this is actually a really good question because twitter appears to have broken the oauth 1.0 standard on this requirement. i found out by accident that if you omit the oauth_token_secret from the signing key, ie.
$signing_key = encode_rfc3986($consumer_secret).'&';
$signing_key = encode_rfc3986($consumer_secret).'&'.encode_rfc3986($oauth_token_secret);
when requesting the access token, both will work just the same for twitter.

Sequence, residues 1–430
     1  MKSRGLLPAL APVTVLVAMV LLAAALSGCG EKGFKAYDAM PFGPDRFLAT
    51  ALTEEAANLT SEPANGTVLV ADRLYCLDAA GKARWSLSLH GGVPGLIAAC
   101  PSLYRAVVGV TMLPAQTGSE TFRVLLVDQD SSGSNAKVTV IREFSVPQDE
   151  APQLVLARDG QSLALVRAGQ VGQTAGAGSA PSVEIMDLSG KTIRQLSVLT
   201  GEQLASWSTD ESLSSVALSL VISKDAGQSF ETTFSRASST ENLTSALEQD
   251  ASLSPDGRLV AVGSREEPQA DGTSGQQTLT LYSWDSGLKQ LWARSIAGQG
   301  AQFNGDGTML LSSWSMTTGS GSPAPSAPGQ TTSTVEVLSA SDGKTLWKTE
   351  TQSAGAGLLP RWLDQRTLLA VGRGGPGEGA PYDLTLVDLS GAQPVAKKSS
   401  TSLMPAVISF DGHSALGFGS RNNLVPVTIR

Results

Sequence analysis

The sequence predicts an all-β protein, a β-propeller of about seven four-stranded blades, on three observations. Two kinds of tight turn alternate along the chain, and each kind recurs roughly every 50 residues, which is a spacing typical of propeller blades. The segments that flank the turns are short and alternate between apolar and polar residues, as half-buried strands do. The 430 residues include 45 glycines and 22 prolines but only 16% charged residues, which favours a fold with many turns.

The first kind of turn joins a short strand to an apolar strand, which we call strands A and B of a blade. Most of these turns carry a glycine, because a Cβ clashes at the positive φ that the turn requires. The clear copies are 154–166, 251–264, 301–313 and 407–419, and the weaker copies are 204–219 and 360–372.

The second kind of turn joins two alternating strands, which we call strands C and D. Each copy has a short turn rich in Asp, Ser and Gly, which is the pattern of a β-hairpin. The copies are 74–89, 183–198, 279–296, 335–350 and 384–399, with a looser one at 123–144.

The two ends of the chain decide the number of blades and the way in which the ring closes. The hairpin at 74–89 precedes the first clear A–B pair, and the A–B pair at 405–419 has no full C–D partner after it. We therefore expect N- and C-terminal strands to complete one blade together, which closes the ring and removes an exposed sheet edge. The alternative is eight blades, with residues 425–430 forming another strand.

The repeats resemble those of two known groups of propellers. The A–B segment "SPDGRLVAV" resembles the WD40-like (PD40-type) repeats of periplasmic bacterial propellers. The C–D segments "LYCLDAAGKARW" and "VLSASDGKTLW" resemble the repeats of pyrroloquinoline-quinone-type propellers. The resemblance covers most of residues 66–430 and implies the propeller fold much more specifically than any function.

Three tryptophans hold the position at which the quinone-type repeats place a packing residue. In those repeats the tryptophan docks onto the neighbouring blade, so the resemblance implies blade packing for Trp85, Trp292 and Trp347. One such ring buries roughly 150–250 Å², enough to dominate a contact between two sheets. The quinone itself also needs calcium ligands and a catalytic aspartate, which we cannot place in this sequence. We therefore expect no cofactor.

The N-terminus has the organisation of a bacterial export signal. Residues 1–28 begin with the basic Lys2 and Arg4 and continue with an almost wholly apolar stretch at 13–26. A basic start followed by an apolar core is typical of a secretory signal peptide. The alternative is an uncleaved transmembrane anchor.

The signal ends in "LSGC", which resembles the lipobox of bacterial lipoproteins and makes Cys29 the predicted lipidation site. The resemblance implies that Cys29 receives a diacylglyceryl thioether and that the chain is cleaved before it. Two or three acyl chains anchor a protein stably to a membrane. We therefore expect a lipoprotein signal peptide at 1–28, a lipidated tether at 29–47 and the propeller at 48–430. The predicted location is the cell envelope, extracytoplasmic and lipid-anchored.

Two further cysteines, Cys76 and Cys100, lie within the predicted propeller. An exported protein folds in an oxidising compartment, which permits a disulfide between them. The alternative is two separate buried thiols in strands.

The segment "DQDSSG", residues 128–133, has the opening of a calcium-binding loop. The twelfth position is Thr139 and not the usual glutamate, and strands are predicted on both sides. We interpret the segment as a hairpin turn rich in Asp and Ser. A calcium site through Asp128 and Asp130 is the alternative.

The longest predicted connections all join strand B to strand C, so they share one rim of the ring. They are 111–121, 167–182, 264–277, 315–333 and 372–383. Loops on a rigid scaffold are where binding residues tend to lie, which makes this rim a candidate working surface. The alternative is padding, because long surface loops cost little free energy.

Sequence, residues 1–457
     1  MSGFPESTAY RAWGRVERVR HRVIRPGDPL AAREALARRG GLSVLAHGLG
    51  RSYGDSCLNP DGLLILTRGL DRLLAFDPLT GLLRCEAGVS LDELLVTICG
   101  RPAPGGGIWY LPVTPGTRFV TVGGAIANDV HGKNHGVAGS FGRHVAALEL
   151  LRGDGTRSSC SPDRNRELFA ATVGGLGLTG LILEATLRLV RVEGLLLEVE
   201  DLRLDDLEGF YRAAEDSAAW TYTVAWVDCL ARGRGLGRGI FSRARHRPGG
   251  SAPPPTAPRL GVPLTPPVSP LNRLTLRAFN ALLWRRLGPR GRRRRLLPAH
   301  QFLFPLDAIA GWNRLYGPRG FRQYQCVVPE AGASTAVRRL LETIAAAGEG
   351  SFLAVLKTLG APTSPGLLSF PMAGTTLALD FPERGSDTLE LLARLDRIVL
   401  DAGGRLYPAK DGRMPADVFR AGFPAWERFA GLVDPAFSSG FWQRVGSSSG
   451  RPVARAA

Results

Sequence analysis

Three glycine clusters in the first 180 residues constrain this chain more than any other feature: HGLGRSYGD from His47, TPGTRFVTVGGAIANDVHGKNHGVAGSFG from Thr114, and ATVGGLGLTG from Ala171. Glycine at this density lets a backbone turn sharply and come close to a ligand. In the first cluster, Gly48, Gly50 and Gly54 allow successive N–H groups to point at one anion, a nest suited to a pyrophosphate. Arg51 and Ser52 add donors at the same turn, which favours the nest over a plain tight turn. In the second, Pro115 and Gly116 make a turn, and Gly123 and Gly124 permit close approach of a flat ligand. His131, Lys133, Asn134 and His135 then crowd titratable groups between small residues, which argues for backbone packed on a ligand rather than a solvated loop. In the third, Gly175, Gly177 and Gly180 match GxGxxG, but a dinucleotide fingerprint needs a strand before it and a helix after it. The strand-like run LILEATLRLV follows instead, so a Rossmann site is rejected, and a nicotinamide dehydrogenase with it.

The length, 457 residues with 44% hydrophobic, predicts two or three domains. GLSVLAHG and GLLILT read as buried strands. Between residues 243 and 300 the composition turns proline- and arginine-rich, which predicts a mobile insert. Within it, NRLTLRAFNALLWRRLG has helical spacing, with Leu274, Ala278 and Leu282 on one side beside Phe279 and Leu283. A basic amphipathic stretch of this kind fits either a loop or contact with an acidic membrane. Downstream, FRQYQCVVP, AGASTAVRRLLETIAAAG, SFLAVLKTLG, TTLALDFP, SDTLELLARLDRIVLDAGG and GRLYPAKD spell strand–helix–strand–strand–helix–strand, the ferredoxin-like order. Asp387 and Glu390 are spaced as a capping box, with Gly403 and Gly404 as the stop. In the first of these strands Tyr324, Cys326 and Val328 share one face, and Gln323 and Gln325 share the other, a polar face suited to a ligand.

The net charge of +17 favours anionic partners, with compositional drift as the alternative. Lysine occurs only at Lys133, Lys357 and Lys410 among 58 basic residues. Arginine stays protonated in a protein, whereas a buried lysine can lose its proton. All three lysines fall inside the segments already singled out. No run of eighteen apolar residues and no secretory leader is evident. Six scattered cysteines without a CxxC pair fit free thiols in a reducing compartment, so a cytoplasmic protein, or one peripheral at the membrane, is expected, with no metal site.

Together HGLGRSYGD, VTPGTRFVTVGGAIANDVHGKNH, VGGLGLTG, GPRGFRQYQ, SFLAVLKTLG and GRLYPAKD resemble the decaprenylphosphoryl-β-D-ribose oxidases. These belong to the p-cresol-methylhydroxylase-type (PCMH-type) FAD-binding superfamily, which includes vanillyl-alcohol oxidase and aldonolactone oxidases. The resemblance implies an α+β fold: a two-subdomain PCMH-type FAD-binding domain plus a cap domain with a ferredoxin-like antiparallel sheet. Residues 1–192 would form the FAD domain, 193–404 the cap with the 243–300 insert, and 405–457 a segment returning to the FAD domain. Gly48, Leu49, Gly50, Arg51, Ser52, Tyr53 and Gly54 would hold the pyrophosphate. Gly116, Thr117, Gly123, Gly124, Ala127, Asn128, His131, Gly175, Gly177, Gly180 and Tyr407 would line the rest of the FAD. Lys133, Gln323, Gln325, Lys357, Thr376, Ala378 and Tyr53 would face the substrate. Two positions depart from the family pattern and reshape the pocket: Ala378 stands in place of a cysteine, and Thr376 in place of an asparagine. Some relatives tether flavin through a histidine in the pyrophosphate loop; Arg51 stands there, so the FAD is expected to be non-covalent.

on my website i developed twitter oauth before i developed any other oauth 1.0 service provider authentication and i couldnt figure out why an oauth_token_secret was even needed. once i tried the same code out on yahoo and linkedin i had a nasty shock since the same code that worked for twitter did not work on the other service providers (ie i was using the first snippet above when i should have been using the second snippet)